A 6 is rolled for the weather, turning both D & E zones to quagmires of mud and the Med into rough. The Dodecanese go U-2 black, while Kerkyra and the Kalpaki pocket remain U-1 red. All British units in Greece go U-1 black since there is no Allied standard supply terminal in Greece (Athenai is a restricted full supply source for Greek units only, so the British must set up their own terminal or face supply questions.) Italian M/C units arrive for service in Albania at Bari, while another F and B show up at Brindisi. A/S is produced at Trieste and an Ital Mtn RP at Taranto. A fort is begun at Koritsa to protect the airfield, although with mud and the new WW rule, it will be Jan I 41 before the fort is finished.
Naval transport across the Adriatic kicks off the turn. The 1 B M/C III is transported to Porto Edda, the 2 B to Valona and the 4 B to Durazzo. Interference has no effect (8, 8 & 5 rolled respectively). The Ital Mtn RP is also sent to Port Edda (5). Because of insufficient port capacity and no need to risk unloading a/s at a beach, the a/s in Trieste remains on the quays. The M/C regiments at Durazzo and Valona are able to admin forward a single add’l hex. Along the front, the Julia pulls back a hex now that the Greeks have engaged her. Minor tweaking along the whole front creates a line from 4215 to 4216, then southwest to the wooded rough at 4719 and then west to the coast at 4720 (Egouminitsa.) Along the main front, 5 or 6 pt DS stacks are the rule, though at 4215 the 51st XX still stands alone in a 3 pt stack, while in the far south 4719 and 4720 are 4 and 3 pts respectively. The Italian high command hopes for mud, though Mussolini questions why his troops are not advancing faster (Note: The Axis backed out of one hex, but did take a new one and that one was a good defensive position. The line is fairly straight actually.) Since there is no chance to launch an attack anywhere, the Italian AF chooses to tip its hand and run missions in the mov’t phase. Five strategic terror bombing missions are launched against Athenai since it has no fighter cover and only slight flak (3 pts). All bombers participate with the following results: SM81, flak 7, bombing 5, hit; Z.1007b, 6, 4 miss; Z.506B, 7, 4 miss; SM.79-I, 9, 1 miss; Mxd B, flak 4 for an R.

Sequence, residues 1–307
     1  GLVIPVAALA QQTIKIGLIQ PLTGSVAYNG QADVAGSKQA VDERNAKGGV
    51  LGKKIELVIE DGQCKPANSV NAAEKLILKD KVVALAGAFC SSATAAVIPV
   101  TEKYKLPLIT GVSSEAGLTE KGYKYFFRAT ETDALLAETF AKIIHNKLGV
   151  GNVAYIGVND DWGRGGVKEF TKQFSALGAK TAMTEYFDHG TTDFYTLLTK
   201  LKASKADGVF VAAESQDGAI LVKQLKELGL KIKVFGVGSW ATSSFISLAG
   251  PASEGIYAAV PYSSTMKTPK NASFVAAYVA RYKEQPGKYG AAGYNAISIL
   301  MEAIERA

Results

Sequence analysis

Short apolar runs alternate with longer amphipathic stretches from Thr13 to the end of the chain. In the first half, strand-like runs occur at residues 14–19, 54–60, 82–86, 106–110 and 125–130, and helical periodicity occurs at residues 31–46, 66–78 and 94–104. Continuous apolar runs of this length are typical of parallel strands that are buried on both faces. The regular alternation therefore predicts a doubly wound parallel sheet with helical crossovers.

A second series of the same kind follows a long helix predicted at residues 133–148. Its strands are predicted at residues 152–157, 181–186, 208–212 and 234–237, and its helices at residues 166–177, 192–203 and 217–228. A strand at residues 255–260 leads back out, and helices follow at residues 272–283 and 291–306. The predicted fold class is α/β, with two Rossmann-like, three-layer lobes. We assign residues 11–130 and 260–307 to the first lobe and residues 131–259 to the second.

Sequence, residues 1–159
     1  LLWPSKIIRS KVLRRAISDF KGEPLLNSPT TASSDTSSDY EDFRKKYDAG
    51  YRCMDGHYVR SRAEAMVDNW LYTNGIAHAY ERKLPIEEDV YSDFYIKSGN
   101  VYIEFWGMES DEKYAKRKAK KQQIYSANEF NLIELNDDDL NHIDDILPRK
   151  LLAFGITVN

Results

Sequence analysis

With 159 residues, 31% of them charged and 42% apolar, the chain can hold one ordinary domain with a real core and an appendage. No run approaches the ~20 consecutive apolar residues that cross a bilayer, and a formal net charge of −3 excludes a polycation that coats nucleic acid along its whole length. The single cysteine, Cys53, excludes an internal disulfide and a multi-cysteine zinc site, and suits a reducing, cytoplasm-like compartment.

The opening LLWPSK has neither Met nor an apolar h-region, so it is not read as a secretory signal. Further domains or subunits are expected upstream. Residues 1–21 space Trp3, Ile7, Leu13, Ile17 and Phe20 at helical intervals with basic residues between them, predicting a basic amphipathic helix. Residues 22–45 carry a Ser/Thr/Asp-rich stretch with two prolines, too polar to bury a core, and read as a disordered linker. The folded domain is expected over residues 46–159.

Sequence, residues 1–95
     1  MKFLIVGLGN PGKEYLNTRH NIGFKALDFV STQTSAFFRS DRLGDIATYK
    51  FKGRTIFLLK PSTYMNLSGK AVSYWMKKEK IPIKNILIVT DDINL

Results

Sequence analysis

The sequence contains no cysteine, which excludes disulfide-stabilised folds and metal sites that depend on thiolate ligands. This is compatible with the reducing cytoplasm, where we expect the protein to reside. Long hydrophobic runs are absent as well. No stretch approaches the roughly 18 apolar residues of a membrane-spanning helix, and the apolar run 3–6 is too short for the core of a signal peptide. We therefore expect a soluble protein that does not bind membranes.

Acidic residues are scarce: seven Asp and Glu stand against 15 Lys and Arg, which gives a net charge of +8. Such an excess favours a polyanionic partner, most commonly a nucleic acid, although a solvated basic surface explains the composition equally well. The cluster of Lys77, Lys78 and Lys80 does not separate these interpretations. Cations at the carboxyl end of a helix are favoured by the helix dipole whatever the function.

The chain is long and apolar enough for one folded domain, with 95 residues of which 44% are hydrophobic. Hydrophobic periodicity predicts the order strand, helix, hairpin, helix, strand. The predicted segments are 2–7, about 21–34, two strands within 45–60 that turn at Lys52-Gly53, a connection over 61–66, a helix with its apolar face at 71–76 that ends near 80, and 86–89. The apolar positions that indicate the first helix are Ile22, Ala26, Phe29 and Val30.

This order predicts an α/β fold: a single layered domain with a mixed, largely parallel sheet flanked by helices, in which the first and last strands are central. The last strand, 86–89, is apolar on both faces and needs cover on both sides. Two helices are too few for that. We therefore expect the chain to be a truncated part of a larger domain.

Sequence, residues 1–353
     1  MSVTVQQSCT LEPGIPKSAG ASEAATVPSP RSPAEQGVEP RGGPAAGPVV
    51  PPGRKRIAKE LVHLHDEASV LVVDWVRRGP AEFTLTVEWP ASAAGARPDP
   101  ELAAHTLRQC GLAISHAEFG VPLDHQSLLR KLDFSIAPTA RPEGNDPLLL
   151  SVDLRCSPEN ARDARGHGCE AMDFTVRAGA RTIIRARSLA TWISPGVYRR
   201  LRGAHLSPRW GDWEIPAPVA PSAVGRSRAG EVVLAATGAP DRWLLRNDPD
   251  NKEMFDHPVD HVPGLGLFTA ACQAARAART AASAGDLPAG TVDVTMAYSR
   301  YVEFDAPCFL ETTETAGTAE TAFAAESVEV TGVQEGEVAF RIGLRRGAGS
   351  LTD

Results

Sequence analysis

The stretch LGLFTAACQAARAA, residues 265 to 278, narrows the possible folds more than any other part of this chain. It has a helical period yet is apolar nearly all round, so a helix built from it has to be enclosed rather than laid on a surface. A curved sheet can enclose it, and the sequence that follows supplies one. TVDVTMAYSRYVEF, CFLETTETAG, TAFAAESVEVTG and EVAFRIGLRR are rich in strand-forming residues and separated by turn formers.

No DAS is flown. No combats occur.
The three m/c units each move south as far as their mps will take them, except the southern most one at Porto Edda, which moves one hex west to provide non-arty support to the 26 C Arty III.
End of turn
The Axis collects 1 VP for terror bombing Athenai, plus 8 more for Greek hexes, for a total of 17:0.
The Axis seems to be doing fairly well in Greece. Weather should prevent any attacks in the eastern part of our line, while in the south, it will depend upon whether mud remains in zone E. There’s a 50/50 chance of mud or clear. The Greeks could launch an attack to help relieve the Kalpaki pocket in clear, but I doubt they could do so in mud. Even in clear, they’ll be facing a –2 mod at 4719 thanks to wooded rough, and this hex won’t allow a reconnection with the pocket. The rough at 4618 provides a more direct route to the pocket, but it will face a –3 mod regardless of the weather (either –1 for rough plus –2 for mud or –2 for AECD.) The Axis will have air superiority over the whole front, which is a big help in keeping the line defensible against more numerous and stronger Greek units. I’m not sure which I’d prefer, clear weather with the risk of a Greek counterattack but which might allow a chance to clear the pocket having gone U-2, or mud, which would better protect my line but prevent any assault on the pocket. I suppose the more conservative mud would be better, but we’ll have to see how the weather plays out.